“Those who have ordered them or carried them out are criminally responsible for their actions,” she said.
Those protests have drawn little reaction. The cease-fire collapsed because the jihadi groups controlling Idlib had begun attacks on government-held territory and on Russia’s air base at Hmeimim, Russia’s ambassador to the United Nations in Geneva, Gennady Gatilov, told reporters in a rare briefing on Friday. “Syrian forces had to retaliate,” he said.
Moreover, Mr. Gatilov said, information from humanitarian organizations included a lot of “fake data.” When Russian military experts examined many of the coordinates the United Nations provided of casualties and facilities supposedly hit by airstrikes and shelling, they did not check out, he said, adding, “They should double check the information they receive.”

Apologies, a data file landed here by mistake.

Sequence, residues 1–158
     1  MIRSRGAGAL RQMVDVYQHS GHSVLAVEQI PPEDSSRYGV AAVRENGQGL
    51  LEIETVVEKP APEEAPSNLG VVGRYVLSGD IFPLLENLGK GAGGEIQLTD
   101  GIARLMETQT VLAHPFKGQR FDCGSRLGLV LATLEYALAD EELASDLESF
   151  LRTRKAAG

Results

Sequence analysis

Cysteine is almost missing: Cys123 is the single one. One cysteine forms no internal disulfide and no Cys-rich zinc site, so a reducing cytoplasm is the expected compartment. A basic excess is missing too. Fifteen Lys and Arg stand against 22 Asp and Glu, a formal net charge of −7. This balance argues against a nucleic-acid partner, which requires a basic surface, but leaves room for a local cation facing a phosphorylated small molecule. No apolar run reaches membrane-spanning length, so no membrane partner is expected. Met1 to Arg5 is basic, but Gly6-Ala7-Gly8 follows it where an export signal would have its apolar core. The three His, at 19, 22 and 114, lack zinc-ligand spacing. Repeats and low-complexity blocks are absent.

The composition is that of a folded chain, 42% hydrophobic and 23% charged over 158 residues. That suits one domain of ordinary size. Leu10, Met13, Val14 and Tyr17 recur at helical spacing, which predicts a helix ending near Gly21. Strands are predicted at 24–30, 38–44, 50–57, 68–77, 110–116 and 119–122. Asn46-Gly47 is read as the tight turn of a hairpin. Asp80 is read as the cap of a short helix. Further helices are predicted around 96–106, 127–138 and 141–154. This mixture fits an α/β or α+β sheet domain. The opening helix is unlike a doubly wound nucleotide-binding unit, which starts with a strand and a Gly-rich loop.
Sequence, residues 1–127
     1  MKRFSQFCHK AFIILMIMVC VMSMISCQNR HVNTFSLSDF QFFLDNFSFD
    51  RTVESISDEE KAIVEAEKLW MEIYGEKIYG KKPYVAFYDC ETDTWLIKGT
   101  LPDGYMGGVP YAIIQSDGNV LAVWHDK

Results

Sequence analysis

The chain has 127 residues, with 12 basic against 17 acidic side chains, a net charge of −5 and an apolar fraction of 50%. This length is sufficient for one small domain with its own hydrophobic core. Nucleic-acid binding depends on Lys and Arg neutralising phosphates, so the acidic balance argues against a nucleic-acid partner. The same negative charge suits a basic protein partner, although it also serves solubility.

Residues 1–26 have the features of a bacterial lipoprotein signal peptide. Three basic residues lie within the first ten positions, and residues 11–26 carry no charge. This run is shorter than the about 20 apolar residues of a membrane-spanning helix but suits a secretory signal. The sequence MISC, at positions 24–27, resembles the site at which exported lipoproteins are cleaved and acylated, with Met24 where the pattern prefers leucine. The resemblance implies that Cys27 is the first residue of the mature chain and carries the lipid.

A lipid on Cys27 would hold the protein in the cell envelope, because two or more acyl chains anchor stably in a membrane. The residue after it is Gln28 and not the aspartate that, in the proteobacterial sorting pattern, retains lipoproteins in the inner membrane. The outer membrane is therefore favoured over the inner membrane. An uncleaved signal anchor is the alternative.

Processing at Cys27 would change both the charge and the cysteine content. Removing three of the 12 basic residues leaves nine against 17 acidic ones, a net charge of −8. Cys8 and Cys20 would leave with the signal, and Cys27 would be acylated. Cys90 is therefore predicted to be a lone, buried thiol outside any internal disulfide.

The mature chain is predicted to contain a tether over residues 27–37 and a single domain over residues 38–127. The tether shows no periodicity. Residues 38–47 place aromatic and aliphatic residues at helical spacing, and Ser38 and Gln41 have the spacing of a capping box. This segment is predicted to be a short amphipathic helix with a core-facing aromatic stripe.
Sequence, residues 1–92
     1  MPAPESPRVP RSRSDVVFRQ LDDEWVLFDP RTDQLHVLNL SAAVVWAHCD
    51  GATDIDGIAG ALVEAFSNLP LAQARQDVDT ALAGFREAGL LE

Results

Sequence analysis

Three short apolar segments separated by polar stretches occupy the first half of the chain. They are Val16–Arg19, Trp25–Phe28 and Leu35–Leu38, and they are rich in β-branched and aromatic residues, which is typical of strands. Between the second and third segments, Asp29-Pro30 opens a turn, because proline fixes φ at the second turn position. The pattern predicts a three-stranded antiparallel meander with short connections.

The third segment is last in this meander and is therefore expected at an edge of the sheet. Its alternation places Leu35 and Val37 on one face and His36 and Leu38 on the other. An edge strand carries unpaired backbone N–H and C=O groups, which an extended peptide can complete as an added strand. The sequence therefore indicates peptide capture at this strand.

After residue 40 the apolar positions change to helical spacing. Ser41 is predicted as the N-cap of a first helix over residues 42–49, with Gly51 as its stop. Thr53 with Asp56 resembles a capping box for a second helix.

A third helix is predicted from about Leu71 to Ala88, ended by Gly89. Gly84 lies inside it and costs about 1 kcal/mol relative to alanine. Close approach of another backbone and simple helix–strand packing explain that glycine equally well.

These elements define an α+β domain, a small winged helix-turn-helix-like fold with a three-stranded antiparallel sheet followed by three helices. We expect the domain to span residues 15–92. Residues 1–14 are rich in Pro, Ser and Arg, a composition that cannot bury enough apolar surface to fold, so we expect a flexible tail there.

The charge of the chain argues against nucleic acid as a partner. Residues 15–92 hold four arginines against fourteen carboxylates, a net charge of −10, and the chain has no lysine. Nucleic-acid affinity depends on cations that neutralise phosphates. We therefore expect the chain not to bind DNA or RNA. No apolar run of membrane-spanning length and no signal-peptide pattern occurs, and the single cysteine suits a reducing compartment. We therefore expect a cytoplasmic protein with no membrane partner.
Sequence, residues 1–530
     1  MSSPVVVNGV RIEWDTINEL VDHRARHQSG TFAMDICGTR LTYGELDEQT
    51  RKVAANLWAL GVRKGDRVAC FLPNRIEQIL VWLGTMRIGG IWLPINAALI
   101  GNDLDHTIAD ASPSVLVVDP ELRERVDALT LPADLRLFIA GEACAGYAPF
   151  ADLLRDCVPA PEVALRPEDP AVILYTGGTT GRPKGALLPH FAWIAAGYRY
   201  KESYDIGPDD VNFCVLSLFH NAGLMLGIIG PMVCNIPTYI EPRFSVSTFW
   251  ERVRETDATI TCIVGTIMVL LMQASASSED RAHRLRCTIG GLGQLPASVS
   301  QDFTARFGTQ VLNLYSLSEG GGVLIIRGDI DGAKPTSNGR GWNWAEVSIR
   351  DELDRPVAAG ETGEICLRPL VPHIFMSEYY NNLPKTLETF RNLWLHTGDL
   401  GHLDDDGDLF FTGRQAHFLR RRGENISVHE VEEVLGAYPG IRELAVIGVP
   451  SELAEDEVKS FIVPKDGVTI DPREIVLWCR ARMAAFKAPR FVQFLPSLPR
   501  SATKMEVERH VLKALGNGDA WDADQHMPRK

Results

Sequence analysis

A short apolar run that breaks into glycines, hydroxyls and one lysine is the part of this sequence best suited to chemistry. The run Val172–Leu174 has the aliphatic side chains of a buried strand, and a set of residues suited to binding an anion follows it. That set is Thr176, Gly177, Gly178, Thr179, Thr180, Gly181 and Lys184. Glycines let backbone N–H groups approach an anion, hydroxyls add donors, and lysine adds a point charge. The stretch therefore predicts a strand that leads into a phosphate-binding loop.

Mr. Moumtzis responded to the skepticism, saying, “Five hundred people didn’t die on their own; 400,000 people didn’t run away for no reason.”
The United Nations said it had cited only episodes verified from multiple sources, and had drawn on satellite imagery and date-stamped photographs. Satellite pictures showed 17 villages almost destroyed in the past three months, Mr. Lowcock told the Security Council.
Mr. Gatilov, who previously served as Russia’s deputy foreign minister, said he believed that Geir Pedersen, the United Nations mediator trying to broker talks on a political solution in Syria, was close to clinching an agreement on setting up a constitutional council.
He called it “significant progress” toward finding a political solution to the eight-year conflict.
In the meantime, Mr. Gatilov said, “this fight will continue.”